That high heels change how straight men respond to women is hardly surprising. After all, high heels change the way you walk, the way you stand, and the way your clothes fit your body. As a culture, we have decided that the alterations heels produce in how women carry themselves are desirable, a decision we’ve stuck to for over 50 years. In recent years, the trend pendulum in high heels has swung toward atmospherically high, with platforms and hyper-narrow stiletto heels giving way, recently, to 1990s-nostalgia in the form of chunkier heels. These are, in the grand scheme of things, relatively minor variations; our cultural penchant for high heels is entrenched, and it doesn’t appear to be going anywhere.

Some have questioned this study’s methodology, and not without reason, but its findings raise some interesting questions. Are men more likely to respond to women in heels because they find them more attractive, and are they more likely to answer survey questions from or help an attractive woman? Or are the men who help a woman in heels pick up her glove correctly perceiving that a woman in heels is in fact, physically, less stable than a woman in flats, and might therefore be more likely to need their help? Or, more interestingly still — and more troublingly — does a woman’s perceived instability and vulnerability make her more physically attractive to some men?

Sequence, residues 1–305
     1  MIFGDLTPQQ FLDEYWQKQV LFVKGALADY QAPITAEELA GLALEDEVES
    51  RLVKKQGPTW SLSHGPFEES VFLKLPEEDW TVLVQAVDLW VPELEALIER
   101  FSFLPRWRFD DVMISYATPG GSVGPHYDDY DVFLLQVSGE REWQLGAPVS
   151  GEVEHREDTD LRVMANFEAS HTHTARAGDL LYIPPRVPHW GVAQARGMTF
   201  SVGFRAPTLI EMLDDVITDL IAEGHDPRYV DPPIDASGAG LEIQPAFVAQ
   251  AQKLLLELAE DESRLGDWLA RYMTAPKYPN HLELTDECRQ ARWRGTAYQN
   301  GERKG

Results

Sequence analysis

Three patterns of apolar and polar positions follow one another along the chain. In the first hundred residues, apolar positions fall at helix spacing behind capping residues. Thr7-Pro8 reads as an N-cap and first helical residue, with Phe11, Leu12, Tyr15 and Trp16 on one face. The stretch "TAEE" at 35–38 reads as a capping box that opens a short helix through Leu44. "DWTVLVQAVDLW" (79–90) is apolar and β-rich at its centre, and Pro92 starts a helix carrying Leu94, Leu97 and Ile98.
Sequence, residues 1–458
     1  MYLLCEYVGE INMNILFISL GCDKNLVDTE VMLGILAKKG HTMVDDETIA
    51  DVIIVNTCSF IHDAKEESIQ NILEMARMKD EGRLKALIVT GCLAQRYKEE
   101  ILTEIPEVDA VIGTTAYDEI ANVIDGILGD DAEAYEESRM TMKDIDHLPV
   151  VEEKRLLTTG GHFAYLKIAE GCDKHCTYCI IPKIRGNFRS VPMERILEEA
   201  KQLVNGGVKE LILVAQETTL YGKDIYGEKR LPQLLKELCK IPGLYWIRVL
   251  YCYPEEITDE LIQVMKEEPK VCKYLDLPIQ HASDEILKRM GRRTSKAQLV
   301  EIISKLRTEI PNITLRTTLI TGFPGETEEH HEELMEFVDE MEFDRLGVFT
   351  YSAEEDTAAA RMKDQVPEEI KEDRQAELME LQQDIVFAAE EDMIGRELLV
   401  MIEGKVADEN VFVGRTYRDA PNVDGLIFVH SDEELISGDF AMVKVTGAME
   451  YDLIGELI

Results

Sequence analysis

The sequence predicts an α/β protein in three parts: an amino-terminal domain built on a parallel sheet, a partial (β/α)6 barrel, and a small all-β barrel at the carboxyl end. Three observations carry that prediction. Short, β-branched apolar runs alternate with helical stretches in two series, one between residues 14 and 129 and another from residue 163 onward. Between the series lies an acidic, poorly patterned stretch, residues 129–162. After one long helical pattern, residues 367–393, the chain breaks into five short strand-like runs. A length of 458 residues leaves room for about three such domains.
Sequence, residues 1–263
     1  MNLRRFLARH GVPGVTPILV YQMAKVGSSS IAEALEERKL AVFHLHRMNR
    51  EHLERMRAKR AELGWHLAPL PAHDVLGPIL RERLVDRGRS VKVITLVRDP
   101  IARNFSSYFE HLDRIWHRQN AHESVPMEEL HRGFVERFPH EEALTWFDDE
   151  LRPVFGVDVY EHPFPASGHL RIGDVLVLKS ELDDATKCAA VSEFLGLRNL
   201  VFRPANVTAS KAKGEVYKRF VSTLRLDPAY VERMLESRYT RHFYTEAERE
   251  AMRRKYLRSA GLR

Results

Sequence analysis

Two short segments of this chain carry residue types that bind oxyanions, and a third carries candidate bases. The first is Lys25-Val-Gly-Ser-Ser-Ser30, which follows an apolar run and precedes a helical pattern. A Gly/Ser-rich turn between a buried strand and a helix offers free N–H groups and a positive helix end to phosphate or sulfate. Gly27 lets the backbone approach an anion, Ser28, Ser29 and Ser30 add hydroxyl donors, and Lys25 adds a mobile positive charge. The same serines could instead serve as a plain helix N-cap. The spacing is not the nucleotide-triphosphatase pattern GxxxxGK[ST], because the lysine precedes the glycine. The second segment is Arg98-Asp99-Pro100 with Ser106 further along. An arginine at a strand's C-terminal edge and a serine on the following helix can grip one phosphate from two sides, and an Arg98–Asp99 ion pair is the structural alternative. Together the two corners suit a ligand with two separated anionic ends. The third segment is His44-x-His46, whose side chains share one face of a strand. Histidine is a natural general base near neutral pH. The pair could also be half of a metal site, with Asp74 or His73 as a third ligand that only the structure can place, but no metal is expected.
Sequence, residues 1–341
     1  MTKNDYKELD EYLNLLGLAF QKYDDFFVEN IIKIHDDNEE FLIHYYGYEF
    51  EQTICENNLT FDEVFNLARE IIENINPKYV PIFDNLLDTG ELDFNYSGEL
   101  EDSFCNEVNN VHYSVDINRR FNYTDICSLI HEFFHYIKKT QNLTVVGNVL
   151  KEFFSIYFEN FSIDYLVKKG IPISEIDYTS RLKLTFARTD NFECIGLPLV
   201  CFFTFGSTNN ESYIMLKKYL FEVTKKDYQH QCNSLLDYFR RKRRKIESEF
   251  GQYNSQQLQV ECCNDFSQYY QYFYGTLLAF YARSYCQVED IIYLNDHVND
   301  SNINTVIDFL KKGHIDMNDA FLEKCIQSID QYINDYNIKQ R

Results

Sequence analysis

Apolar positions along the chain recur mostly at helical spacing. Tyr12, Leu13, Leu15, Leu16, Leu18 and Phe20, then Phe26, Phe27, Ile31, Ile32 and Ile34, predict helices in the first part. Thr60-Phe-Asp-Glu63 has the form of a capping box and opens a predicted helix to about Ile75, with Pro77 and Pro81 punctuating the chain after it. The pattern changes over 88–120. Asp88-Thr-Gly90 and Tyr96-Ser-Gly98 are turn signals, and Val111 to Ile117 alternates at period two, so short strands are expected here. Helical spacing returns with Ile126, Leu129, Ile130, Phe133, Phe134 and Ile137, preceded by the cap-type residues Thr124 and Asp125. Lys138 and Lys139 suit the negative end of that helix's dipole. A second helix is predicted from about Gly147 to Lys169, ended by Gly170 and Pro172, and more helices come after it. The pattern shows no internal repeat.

You can read the whole thing here.

Reuters: What When Harry Met Sally… got right – and wrong

Reuters: What When Harry Met Sally… got right – and wrong

At Reuters last week, I wrote about why When Harry Met Sally… is as relevant in 2014 as it was when it was released 25 years ago:

When Harry Met Sally… concludes that friendship between men and women is possible but ultimately unsustainable. Sooner or later, the friendship will involve sex and, in Harry and Sally’s case, love. Like so many other Hollywood romantic comedies, the movie posits that friendship between men and women is a holding pattern en route to the most desirable kind of relationship they can have. Harry and Sally’s friendship is based on respect and honesty, and it’s mutually beneficial; these are two people who care about and for each other. And yet, that’s not enough for them — or for the audience.